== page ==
By David Buice
Keeping active is great for both your physical and mental health. Texas has plenty to offer, from walking, jogging, or biking on city trails to basking in the sun on South Texas beaches and hiking in remote wilderness areas, to name just a few.
The downside, however, is that injuries can quickly spoil your summertime fun if you fail to use the right amount of caution. To help you enjoy all your favorite outdoor activities, here are five tips to help prevent injuries during the months ahead.
1. Begin by Stretching
When you go to a sporting event, one of the first things you see is the athletes getting ready for the competition by stretching and warming up. To avoid tomorrow’s aches and pains, you should do the same. Before hitting the trail, the court, or the diamond, take some time to stretch and warm up with a few twists, lunges, squats, and jumping jacks.
2. Get the Right Gear
If you’re planning on jogging or walking, don’t buy the cheapest pair of shoes at a general, big-box retailer. Get the proper footwear at a sporting goods store specializing in athletic gear. The extra dollars you spend will be well worth it to avoid pain in your feet, knees, and hips.
If hiking is your thing, leather boots are more durable and provide better support than those made of non-leather materials. To prevent painful blisters, get them stretched a bit and well broken in before hitting the trail.
3. Ease into your Activities
After long months of being cooped up, it’s tempting to “go hard” once you’re outdoors, but that’s when many injuries occur. Instead, whatever your favorite outdoor activity, ease into it and gradually rebuild your skills, allowing your body to adjust to the renewed activity. Also, it’s OK to take an occasional break to avoid overtraining.
4. Stay Hydrated
It’s always important to remain hydrated, especially during the year’s hottest months. If you plan to be outdoors for a prolonged period, bring water in a reusable bottle, preferably more than you think you’ll need in case of an emergency. Hydration keeps your energy level steady, helping you avoid the missteps that can lead to injury.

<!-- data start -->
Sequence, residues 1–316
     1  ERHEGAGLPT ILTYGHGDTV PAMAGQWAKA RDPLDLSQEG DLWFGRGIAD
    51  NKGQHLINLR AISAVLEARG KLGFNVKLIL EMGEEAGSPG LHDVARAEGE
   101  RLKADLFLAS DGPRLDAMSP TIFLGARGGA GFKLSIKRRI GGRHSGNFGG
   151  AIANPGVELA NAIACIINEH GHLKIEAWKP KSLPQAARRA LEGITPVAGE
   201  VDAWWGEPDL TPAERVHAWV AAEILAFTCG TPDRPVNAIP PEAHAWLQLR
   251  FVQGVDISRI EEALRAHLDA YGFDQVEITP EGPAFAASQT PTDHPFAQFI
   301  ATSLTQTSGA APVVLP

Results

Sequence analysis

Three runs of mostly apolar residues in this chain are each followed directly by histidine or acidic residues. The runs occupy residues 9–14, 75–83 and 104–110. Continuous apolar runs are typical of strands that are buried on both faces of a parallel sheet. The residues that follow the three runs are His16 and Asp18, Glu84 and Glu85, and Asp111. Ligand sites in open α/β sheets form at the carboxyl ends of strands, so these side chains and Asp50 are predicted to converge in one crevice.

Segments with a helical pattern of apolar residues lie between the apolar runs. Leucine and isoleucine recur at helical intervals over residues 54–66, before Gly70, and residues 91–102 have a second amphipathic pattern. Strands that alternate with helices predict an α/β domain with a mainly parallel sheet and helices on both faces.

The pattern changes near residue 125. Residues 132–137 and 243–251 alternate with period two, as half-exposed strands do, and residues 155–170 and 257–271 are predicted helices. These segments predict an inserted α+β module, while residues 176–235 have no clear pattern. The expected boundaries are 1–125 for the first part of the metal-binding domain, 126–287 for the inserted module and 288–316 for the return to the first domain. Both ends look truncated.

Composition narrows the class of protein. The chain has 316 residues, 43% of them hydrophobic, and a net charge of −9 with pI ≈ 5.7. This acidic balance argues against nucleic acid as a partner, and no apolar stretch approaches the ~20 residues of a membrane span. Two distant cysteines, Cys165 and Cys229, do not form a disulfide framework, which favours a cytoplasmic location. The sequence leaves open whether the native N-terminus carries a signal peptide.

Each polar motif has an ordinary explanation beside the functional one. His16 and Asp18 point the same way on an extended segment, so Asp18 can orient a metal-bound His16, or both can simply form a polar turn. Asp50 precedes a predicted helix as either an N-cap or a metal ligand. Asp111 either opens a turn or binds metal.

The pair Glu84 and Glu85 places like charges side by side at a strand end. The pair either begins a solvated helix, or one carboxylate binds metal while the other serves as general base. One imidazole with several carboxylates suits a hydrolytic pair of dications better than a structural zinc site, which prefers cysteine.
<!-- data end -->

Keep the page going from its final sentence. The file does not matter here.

5. Use Plenty of Sunscreen
Up to a point, sunshine is good for us, helping our bodies produce Vitamin D. But to avoid a painful sunburn and the eventual possibility of skin cancer, always apply ample amounts of sunscreen. A t-shirt isn’t enough and provides an SPF of only about five. The American Academy of Dermatology recommends broad-spectrum sunscreen with an SPF of 30 or higher. And if you get in the water, reapply after you get out.
First Aid, What to Pack
Texas provides an abundance of opportunities for demanding outdoor activities. For example, according to one count, there are over 2,000 hiking and mountain biking trails in the state. If your outings will take you to some of the state’s more remote and challenging areas, it’s always good to carry a first aid kit for emergencies.
The contents of your kit depend on what you’ll be doing and for how long, but emergency medicine specialists at Yale University’s School of Medicine recommend the following basics for wilderness adventures:
- Bandages, tape, and antibiotic ointment for wound management
- An EpiPen, crucial to saving a life in case of an anaphylactic reaction
- Lightweight AlumaFoam splints for injuries to extremities, like wrists and ankles
- Warm clothing to protect against hypothermia if stranded overnight
- Water and purification tablets to make water drinkable if necessary
With a few precautions like these, hopefully, your summer will be injury-free.